Introduction

The monkeypox virus (double-stranded DNA pox virus) causes monkeypox (MPOX), a re-emerging zoonotic disease that can be transmitted both directly between humans and indirectly through the environment.1 Humans infected with MPOX typically experience two weeks of fever, headache, muscle and back discomfort, swollen lymph nodes, and low energy, followed by two weeks of rashes.2 Non-human primates, rats, antelope, and squirrels are just a few of the animals that can spread this virus to humans through direct contact or the consumption of raw or undercooked meat.1,2 Intercourse with infectious wounds, scabs, or body fluids, including sexual intercourse, is the primary transmission mode of the monkeypox virus (MPXV).3 There is a high risk of social stigma and prejudice for those with MPOX because of the disease’s association with sexual intercourse and the high number of documented cases among gay males. In addition to the above-mentioned symptoms, skin lesions in MPOX may continue for up to four weeks, and lymphadenopathy separates MPOX from smallpox.4,5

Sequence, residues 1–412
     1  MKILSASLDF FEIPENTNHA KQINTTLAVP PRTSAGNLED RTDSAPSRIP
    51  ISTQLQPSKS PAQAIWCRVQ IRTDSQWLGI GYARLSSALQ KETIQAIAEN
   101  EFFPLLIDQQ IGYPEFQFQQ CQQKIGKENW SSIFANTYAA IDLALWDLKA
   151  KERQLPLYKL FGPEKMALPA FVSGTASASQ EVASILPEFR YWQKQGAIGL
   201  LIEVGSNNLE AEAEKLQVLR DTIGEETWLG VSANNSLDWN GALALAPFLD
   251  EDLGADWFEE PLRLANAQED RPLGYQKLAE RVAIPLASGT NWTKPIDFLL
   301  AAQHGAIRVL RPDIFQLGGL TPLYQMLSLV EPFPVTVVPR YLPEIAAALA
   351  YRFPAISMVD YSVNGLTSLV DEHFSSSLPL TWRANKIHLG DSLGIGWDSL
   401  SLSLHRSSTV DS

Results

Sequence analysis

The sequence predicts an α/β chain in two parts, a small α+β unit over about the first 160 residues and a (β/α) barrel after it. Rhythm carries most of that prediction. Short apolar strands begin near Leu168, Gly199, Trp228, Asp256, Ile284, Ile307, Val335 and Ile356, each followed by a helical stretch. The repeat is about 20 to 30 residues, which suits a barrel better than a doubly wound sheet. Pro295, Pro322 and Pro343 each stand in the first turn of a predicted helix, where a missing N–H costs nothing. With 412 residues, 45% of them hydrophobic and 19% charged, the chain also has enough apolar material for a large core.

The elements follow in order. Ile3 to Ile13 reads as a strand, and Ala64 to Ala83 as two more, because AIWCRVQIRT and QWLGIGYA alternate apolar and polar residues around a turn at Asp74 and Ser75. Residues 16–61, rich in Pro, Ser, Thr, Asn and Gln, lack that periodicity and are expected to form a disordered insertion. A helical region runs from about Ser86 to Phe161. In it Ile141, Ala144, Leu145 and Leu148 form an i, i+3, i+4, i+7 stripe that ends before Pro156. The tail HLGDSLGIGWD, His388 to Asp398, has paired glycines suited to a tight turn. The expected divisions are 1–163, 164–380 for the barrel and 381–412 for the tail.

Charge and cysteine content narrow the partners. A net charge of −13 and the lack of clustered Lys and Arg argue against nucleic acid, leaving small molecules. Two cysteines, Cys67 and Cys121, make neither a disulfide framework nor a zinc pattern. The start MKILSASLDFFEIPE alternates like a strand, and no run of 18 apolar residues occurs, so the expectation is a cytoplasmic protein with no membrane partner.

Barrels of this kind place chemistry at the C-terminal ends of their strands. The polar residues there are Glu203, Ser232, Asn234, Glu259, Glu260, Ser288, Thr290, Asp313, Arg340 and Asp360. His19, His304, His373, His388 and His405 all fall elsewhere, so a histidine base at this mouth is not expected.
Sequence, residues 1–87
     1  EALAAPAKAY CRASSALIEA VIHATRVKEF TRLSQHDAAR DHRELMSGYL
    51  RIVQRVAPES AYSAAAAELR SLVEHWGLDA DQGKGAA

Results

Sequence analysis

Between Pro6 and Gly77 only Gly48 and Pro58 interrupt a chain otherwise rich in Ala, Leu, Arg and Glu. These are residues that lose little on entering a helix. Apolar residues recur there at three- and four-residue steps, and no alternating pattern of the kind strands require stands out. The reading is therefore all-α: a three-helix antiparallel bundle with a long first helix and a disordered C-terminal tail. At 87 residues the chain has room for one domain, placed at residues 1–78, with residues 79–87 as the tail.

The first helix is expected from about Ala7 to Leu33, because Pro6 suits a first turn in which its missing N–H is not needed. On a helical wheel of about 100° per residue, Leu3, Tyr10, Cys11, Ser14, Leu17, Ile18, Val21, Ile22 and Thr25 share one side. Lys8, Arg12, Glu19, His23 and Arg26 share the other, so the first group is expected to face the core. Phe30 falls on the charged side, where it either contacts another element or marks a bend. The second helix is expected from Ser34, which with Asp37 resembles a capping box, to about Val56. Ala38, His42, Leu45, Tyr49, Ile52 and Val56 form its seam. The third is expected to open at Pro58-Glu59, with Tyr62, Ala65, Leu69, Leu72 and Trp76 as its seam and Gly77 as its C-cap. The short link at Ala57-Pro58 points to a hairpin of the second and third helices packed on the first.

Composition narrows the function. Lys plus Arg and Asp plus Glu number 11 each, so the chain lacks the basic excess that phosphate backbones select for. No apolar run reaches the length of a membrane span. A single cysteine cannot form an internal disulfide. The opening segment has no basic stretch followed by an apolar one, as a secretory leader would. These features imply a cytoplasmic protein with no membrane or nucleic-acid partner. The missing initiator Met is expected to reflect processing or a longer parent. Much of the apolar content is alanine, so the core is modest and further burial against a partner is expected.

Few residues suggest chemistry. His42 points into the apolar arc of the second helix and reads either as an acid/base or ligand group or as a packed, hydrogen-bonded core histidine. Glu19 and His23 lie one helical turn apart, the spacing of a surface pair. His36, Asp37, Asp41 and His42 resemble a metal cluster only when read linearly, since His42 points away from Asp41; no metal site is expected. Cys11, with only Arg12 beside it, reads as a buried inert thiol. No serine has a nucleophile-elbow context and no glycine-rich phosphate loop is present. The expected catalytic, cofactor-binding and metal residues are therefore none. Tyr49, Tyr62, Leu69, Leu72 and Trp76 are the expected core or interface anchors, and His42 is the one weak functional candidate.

An unexpectedly high number of cases of monkeypox have been reported throughout multiple countries in Europe, the Americas, Australia, and Asia since the first case was reported in the UK on May 13, 2022.6 The spread of monkeypox was labeled a “public health emergency of international concern” (PHEIC) based on the detection of multiple human-to-human monkeypox cases in ‘non-endemic’ high-income nations.7 On May 10, 2023, the PHEIC status of MPOX was lifted by the IHR emergency committee. As of March 5th, 2024, confirmed cases totaled 94,274, with 178 fatalities recorded across 118 nations, with 1 case and 0 death in Nepal.8 Looking at the global cases of MPOX, the disease is mostly identified in men who are gay or bisexual and among men population who tend to have sex with men (MSM), suggesting the spread of the disease through sexual networks.8,9 The high frequency of cases can evidently increase the risk of social discrimination towards bisexual or gay males and, more broadly, the LGBTQI+ community. However, stigmatizing the LGBTQI+ community during the MPOX epidemic will have detrimental effects on disease control and prevention.10 The increasing number of human instances of MPOX emphasizes the need to track the progression of the disease, make precise diagnoses, and create efficient vaccines, treatments, and cures. Campaigns to educate the public about MPOX risk factors and preventative interventions are highly effective in reducing the incidence of the disease.8,11 Preventative measures may be hampered by a lack of MPOX understanding, especially among the general people.12-14